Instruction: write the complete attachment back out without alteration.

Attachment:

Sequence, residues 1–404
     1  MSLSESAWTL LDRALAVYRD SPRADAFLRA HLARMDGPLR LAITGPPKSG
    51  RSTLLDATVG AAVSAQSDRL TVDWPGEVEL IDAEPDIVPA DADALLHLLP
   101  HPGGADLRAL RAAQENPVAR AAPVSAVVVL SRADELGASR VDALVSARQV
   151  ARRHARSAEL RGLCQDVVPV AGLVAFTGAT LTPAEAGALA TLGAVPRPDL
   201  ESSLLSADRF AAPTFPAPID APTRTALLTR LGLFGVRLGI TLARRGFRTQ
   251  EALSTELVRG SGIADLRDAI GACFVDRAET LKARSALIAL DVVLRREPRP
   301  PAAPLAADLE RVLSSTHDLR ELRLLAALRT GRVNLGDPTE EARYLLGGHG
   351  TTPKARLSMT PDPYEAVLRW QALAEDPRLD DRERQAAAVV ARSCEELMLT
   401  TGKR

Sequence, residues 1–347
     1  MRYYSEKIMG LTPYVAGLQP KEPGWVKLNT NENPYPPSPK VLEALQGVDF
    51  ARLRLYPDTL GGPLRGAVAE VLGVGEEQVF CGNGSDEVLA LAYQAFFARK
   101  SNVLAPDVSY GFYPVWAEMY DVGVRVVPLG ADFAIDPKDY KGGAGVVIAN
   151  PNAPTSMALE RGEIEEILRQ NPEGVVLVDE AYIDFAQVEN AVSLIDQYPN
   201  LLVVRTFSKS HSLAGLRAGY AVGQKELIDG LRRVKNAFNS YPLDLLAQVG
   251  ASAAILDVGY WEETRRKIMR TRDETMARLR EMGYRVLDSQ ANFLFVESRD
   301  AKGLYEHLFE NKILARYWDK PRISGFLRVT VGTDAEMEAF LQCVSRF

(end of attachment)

Sequence, residues 1–404
     1  MSLSESAWTL LDRALAVYRD SPRADAFLRA HLARMDGPLR LAITGPPKSG
    51  RSTLLDATVG AAVSAQSDRL TVDWPGEVEL IDAEPDIVPA DADALLHLLP
   101  HPGGADLRAL RAAQENPVAR AAPVSAVVVL SRADELGASR VDALVSARQV
   151  ARRHARSAEL RGLCQDVVPV AGLVAFTGAT LTPAEAGALA TLGAVPRPDL
   201  ESSLLSADRF AAPTFPAPID APTRTALLTR LGLFGVRLGI TLARRGFRTQ
   251  EALSTELVRG SGIADLRDAI GACFVDRAET LKARSALIAL DVVLRREPRP
   301  PAAPLAADLE RVLSSTHDLR ELRLLAALRT GRVNLGDPTE EARYLLGGHG
   351  TTPKARLSMT PDPYEAVLRW QALAEDPRLD DRERQAAAVV ARSCEELMLT
   401  TGKR

Sequence, residues 1–347
     1  MRYYSEKIMG LTPYVAGLQP KEPGWVKLNT NENPYPPSPK VLEALQGVDF
    51  ARLRLYPDTL GGPLRGAVAE VLGVGEEQVF CGNGSDEVLA LAYQAFFARK
   101  SNVLAPDVSY GFYPVWAEMY DVGVRVVPLG ADFAIDPKDY KGGAGVVIAN
   151  PNAPTSMALE RGEIEEILRQ NPEGVVLVDE AYIDFAQVEN AVSLIDQYPN
   201  LLVVRTFSKS HSLAGLRAGY AVGQKELIDG LRRVKNAFNS YPLDLLAQVG
   251  ASAAILDVGY WEETRRKIMR TRDETMARLR EMGYRVLDSQ ANFLFVESRD
   301  AKGLYEHLFE NKILARYWDK PRISGFLRVT VGTDAEMEAF LQCVSRF